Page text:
I think it all comes down to what kind of person you are. Some people are very number-oriented (I won’t go running unless it’s on a treadmill, because I can see the mph I’m going) and those people probably like to see the % on the scales and calipers go down. I know I’m that way, and I know it doesn’t really matter if you’re 7% or 10% as long as you are seeing what you want (abs, etc). I think I got way off what we’re talking about, but I just understand why people (me being one of them) tend to trust the scales and calipers (and numbers) more than the mirror. Even though I think you’re right mufasa, and the mirror is the ultimate judge.

Professor X, I agree with you here. Which is why I believe in that “middle ground” of BF/fitness. Even though I compete, I still don’t enjoy at all the need to get really, really, lean for BB contests. It’s not the dieting (cuz my “diet” consists of picking up my calories prior to a show),but the “look” of a ripped/shredded BB competitor that I just don’t like. I prefer a higher degree of BF so that I can “operate” better. Plus I think it looks healthier.

I think some people get what I call the "Low BF Paranoia" that occurs with competitors. You fall more and more into that pit of "I've gotta get LEAN" and fear that any iota of BF gained will destroy all your efforts. So, as Mufasa said, it's good to have that "third person" to keep that paranoia at bay. My person is Ko. He's NOT a competitor and has a TON of common sense. Definitely keeps everything in perspective.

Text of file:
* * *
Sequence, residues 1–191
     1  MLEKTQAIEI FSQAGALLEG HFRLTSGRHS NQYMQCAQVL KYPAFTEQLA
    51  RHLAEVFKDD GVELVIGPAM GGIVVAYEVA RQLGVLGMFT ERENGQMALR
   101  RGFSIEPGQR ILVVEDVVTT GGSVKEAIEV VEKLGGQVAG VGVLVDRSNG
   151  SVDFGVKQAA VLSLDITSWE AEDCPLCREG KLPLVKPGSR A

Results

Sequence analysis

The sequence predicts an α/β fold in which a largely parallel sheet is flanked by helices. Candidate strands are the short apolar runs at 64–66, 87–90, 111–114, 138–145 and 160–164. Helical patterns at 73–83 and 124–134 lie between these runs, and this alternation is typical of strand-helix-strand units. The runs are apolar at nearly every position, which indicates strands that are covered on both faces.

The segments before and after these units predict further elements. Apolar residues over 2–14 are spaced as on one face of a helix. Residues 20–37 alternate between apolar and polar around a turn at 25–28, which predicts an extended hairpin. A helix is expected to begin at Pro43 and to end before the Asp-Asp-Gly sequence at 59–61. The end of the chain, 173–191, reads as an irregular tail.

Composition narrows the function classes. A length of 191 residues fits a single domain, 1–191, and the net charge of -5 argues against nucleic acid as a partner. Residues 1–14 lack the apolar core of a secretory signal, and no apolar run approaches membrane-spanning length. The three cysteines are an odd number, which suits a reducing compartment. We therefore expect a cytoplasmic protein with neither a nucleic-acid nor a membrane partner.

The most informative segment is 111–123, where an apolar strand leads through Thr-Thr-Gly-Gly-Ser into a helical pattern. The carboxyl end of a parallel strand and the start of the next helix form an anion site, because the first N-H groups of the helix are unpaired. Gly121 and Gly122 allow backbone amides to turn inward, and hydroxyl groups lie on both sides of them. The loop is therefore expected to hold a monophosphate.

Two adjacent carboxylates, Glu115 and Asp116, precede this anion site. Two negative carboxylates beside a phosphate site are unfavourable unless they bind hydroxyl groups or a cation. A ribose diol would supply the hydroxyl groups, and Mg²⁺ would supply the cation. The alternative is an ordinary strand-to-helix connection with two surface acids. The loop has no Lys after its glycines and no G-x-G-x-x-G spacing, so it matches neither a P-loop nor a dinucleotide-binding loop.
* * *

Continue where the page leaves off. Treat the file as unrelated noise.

I agree with you completely on the ripped paranoia. I feel much better at 7-9% bf than I do at a contest at 5-6%. Even 10%. I have much more strength, duh at the higher bf. I must admit though I never like to get higher than 10-11% even in off season. I have a much better mental capacity at the higher bf and gennerally feel better. Like reading your posts, they are always interesting. Stay real. By the way a mirror in poor lighting (especially a large wide mirror) will for sure tell no lies.

…Thank you :)))


I think Podge and I feel very similar on this subject. Short term progress can only be measured by the calipers sometimes, but long term progress shows up great in pictures and the mirror.

Lean folks who have been in the game for a while may not need the encouraging feedback from body comp measurements or need the safety net that they provide. But people who are still "works in progress" need some objective feedback more frequently than the mirror or pictures can provide.

Calipers are the best method. Whether you are cutting or bulking they give you a better understanding of the “tweaking” needed to succeed. Using the mirror, even under different lighting, dont allow you to properly evaluate yourself. This is because your mood could effect your own self image. If you just had an awesome day and banged 3 strippers you might look at yourself and think you are rocking. If you just lost your job you’ll think you look like shit.